Council member Katherine Gilmore Richardson is looking to make the curfew for city youth a permanent measure.
Council member Katherine Gilmore Richardson is looking to make the curfew for city youth a permanent measure. Photo: Nigel Thompson/AL DÍA News.

Philly to make Summer curfew permanent for youth

The City Council’s Committee on Public Safety approved the measure and it will go in front of the whole of Council soon for a vote.


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Despite a city-wide curfew for Philly youth this past Summer, the city saw more children and teenagers shot than any previous, according to police figures. The curfew, which expired this past September, required Philly youth to be in their homes by 10 p.m. 

As a result, the city is looking at the possibility of having the curfew become a permanent measure moving forward in hopes of decreasing the number of youth caught in the waves of gun violence, in addition to fining the parents of those who violate the rule. Despite these efforts, experts who have studied these curfews and the results have said that they have little to no impact on crime or victimization rates. 

A piece of legislation introduced by at-large Councilmember Katherine Gilmore Richardson on was approved after a nearly one-hour long hearing by the City Council’s Committee on Public Safety Tuesday, Oct. 11. The bill will now head to all of City Council, but the layer of fining parents has been put on hold for now. By early next week, it is expected to pass and make its way to the desk of Mayor Jim Kenney. 

A spokesperson for Kenney would not confirm if he will actually sign the bill, instead only said that he would “review the legislation if it is passed.” 

“The point is that we have serviced 500 young people in the community. I know that it will continue to serve more,” Gilmore Richardson said. “So whether they go voluntarily or involuntarily, they are now in a safe space and have access to resources while they are at that center.” 

“We are utilizing another tool in our toolbox, to seek to help our young people in addition to the further expansion of the community evening resources centers,” she added. 

How it works 

Under the new legislation, city teens between ages 14 to 17 must be home by 10 p.m., while children ages 13 and younger must be home by 9:30 p.m. Exceptions for the curfew include those for children and teenagers who have jobs, attend school, or have religious activities. Any child or teen who is picked up by Philly police for breaking the curfew are to be taken home first.

However, if no supervision is available at home, they will be taken to one of the city’s community evening resource centers. 

Bilal Qayyum, an anti-violence activist told WHYY of his support for holding parents financially responsible.

“I’m not suggesting what a fee should be, but I think there should be a fee imposed as part of the effort to get kids off the streets,” Qayyum said. “If that parent is irresponsible, then we got to hold that parent responsible. I know that some folks don’t want to hear that.” 

In regards to the aspect of fining parents of children who break the curfew, up until last year, children or their parents faced fines up to $250 for their first violation, then $300 to $500 for any recurring violations. However, City Council removed the fines after concerns were brought up that they affect those living in poverty. The latest legislation that passed through council does not have fines included.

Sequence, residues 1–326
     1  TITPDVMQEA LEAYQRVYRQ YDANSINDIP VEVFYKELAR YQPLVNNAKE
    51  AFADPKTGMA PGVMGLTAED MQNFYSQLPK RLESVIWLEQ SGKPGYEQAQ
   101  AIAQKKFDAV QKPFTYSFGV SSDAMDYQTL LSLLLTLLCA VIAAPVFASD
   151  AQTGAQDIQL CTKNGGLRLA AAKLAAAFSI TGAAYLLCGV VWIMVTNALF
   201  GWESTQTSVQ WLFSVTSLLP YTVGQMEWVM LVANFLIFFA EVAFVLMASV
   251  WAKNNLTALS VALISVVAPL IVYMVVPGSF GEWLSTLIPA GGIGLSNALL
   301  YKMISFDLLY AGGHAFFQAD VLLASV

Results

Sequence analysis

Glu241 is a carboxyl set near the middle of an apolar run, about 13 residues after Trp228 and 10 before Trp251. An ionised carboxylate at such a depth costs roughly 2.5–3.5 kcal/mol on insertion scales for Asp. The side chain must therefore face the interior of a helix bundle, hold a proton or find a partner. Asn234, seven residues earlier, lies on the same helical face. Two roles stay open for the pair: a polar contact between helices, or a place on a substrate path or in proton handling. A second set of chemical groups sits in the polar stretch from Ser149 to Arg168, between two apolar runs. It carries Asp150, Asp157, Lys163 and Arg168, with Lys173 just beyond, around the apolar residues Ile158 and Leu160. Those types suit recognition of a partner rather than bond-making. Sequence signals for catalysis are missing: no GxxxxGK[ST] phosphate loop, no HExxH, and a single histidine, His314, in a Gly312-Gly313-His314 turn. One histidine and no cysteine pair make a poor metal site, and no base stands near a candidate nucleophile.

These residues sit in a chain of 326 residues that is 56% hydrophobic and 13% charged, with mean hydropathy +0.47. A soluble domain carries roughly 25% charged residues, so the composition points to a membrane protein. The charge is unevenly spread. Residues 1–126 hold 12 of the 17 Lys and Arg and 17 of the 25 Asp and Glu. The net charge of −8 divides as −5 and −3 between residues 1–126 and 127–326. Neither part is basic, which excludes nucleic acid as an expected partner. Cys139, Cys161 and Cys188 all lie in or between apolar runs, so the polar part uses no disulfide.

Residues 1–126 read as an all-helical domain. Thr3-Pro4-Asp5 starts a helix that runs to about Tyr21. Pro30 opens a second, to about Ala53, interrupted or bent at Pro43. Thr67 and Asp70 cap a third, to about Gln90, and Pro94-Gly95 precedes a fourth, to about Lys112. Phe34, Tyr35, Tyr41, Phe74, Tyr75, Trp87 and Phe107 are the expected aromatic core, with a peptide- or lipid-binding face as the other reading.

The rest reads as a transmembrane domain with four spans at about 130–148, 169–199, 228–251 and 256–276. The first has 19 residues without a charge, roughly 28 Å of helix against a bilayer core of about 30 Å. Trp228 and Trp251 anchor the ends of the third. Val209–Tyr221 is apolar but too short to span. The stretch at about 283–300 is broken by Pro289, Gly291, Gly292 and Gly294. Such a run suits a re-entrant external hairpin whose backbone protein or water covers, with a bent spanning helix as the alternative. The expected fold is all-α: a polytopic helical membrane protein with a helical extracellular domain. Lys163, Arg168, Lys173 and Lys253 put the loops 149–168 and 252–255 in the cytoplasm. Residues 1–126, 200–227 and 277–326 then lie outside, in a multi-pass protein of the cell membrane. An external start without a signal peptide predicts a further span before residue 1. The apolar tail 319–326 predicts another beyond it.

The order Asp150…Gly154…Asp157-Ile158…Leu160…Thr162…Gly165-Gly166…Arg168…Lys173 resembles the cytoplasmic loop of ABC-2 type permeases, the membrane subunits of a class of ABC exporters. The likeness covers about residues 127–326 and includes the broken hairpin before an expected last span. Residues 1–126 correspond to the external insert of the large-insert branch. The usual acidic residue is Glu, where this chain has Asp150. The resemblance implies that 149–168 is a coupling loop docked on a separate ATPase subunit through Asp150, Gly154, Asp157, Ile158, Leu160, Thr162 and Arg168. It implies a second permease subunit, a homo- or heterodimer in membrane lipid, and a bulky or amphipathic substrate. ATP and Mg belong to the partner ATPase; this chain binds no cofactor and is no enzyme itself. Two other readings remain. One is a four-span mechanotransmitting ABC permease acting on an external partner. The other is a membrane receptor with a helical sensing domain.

The city currently has two community evening resource centers that opened in January and are run by community groups. Philly set aside $2 million this year for the centers, and is expected to open two more this month. They provide programming for kids from 7 p.m. to 2 a.m. The Department of Human Services oversees the community centers. 

DHS Deputy Commissioner Gary D. Williams said that the centers have helped serve more than 560 children since this past January. However, the majority went voluntarily and were not brought in by city police for breaking the curfew. A Police Department spokesperson said that of the more than 900 curfew violators since this last June, 85% were taken home or picked up by a family member. 

Even with that, Gilmore Richardson has defended having the evening resource centers available by saying that the city should look to open one in each of the city’s six police divisions. 

“I’m not going to apologize for seeking to do all that I can to help our young people,” Gilmore Richardson said. “Whether they go to the center voluntarily or involuntarily, the point is ... they are now in a safe space and have access to resources.” 

Another Councilmember, Jamie Gauthier, who represents parts of West Philly, told the Inquirer that she has some doubt towards the newest legislation. Gauthier suggested instead that the city committed to meeting the needs of parents whose children are recurring violators of the curfew in regards to housing, workforce, and mental health. 

“We tend to jump toward penalties and penalizing people,” Gauthier said, “when it would probably cost us less to support people in the way that they need to be supported.” 

The current legislation could be shot down with four “no” votes because of the current state of city council. Following four key resignations from council for those deciding to run for other public offices like Mayor, as well as Kenyetta Johnson’s absence due to a federal trial in which he faces jail time if convicted, the seats will not be filled until a special election next month. 

Until then, the legislation faces a narrow path to success.


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